The best practice is to discuss and agree classroom rules with the pupils that will be expected to adhere to them. This is not just so that there is an agreed knowledge of the words, but also to highlight the purpose of each rule, the responsibility it invites, and the rights it strives to protect. In fact, by planning to relate rules specifically to rights and responsibilities you will help pupils to work by them and to share in their enforcement with greater autonomy. Pupils may be particularly engaged and motivated by the chance to physically sign a class contract, especially if you put your signature to the document as well.


Wording

Whether your rules are simply stated and enforced, shared and discussed with pupils, or developed collaboratively, they should be brief, positively worded and limited in number. Conciseness will allow for easy, effective recall. Positive language will support the development of a positive atmosphere and, particularly in younger year groups, provide a framework of courteous language which pupils will be able to harness during their own social interactions in and out of the classroom. In simple terms, agree a 'walk sensibly' rule rather than a 'no running' rule.

Implementation

Once your rules have been planned and collaboratively developed, the next stage is to ensure their impact. You should make regular reference to class rules in a way that supports your expectations of pupils. You will then be embedding the messages into classroom routines, helping to maintain a positive learning environment. However, your pupils should also be expected to articulate class rules, to remind them of their shared responsibility for adhering to them.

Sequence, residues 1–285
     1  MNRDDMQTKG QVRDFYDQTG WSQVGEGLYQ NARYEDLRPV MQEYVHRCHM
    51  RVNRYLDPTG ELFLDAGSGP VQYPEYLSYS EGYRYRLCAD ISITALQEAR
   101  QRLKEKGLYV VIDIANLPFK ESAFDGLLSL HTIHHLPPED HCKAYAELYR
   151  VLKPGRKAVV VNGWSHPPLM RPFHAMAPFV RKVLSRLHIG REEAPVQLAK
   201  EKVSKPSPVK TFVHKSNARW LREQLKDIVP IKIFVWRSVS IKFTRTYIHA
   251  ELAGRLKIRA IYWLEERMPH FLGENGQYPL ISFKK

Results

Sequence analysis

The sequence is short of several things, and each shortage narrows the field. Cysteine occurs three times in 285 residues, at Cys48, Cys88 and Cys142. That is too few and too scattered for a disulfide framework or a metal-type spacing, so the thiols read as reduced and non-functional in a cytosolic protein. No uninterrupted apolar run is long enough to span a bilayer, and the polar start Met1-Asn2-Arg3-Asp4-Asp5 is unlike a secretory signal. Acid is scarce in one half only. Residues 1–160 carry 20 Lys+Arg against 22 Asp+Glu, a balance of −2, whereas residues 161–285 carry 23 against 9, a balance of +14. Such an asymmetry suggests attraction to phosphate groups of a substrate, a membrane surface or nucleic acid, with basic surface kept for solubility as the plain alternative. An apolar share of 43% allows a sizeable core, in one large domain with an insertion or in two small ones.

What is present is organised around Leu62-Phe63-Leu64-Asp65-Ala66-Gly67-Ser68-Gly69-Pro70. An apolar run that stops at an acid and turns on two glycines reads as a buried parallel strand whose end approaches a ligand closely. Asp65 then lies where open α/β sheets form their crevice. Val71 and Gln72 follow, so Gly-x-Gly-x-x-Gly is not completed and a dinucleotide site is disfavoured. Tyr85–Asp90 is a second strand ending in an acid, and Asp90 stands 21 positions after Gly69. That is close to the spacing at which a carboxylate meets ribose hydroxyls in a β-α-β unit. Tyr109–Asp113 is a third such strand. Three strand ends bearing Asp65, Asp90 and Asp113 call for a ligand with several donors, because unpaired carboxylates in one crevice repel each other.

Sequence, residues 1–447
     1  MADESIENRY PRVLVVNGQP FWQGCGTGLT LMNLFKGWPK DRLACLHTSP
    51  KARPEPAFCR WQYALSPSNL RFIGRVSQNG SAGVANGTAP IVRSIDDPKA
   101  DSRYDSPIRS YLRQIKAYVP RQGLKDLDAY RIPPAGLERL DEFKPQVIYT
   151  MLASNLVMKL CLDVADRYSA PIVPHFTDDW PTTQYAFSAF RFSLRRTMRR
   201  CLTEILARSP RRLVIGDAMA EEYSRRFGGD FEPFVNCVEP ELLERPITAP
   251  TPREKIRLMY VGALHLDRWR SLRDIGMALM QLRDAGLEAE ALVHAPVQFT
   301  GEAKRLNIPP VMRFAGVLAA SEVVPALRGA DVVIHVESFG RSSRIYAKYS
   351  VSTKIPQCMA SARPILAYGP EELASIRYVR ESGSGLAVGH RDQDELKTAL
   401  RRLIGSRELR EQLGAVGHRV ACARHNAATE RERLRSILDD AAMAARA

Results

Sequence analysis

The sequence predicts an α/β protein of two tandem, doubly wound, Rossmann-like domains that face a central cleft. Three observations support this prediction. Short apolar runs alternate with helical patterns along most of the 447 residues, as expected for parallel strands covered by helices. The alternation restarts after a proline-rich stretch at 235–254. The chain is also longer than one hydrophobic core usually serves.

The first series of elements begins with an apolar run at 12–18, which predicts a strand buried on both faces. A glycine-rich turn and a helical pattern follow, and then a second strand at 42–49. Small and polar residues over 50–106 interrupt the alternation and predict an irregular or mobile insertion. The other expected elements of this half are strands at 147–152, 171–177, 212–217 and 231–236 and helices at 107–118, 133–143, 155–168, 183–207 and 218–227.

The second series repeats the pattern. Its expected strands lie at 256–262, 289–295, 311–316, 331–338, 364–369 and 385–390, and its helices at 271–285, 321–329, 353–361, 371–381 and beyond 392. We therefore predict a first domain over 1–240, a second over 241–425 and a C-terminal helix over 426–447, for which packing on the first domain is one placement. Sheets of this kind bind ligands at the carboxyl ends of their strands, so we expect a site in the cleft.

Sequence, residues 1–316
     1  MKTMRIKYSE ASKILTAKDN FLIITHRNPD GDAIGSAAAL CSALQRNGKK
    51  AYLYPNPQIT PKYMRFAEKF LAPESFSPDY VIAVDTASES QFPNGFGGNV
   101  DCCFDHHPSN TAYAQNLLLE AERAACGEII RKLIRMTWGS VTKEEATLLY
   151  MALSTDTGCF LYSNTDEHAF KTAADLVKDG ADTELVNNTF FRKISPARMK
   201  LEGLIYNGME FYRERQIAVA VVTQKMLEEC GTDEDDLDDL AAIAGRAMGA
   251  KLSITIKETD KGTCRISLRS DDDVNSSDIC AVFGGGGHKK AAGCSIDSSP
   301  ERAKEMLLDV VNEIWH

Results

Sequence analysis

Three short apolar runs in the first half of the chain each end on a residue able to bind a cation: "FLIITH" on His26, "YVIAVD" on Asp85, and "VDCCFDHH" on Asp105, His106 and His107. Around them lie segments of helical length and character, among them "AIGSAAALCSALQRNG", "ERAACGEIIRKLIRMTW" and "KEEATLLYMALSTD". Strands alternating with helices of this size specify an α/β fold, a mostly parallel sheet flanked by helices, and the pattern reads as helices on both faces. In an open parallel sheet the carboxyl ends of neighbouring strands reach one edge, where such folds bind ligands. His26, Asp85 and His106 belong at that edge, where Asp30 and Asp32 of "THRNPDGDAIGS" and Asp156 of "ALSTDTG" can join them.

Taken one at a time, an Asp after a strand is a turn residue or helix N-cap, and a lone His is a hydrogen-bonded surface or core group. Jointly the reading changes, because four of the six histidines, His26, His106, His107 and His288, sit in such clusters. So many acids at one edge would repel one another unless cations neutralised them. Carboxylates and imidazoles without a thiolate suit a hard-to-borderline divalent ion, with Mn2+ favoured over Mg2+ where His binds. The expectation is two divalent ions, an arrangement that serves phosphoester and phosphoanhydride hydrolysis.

One final consideration is that rules agreed during the establishment phase are not a complete, final framework for classroom behaviour. They may need revising, reconsidering, and perhaps completely changing over time, to ensure they remain relevant and effective. Rogers (2011) refers to consolidation, maintenance and cohesion phases, which extend from the foundations laid during establishment. See Positive Classroom Climate and 'references and further reading' for more on this extensive subject.


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Finally, here are three examples of schools that have developed clear messages about their commitment to providing a positive, purposeful learning environment for their pupils. Each of these schools have embedded the principles described above into their policies.

Care, Courtesy and Consideration - Bury Grammar: http://www.bgsg.bury.sch.uk/bg/Policies/Pastoral-Policies/Behaviour-Policy

Respect, Learning, Positivity, Safety - Ray Lodge Primary: http://www.raylodge.redbridge.sch.uk/

Punctual; Polite; Prepared; Presentable; Positive - School 21's 5 Ps: http://school21.org/about-us/school-policies/

References and further reading

Lever, C. (2011) Understanding Challenging Behaviour in Inclusive Classrooms. Longman.

Rogers, B. (2007) Behaviour Management: A whole-school approach. (2nd ed.) Sage.

Rogers, B (2011) 'The Establishment Phase of Behaviour Management' in Ayres, D (ed) The Primary PGCE Professional Studies Reader. London: Sage, pp. 740-782.

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Regards, DJA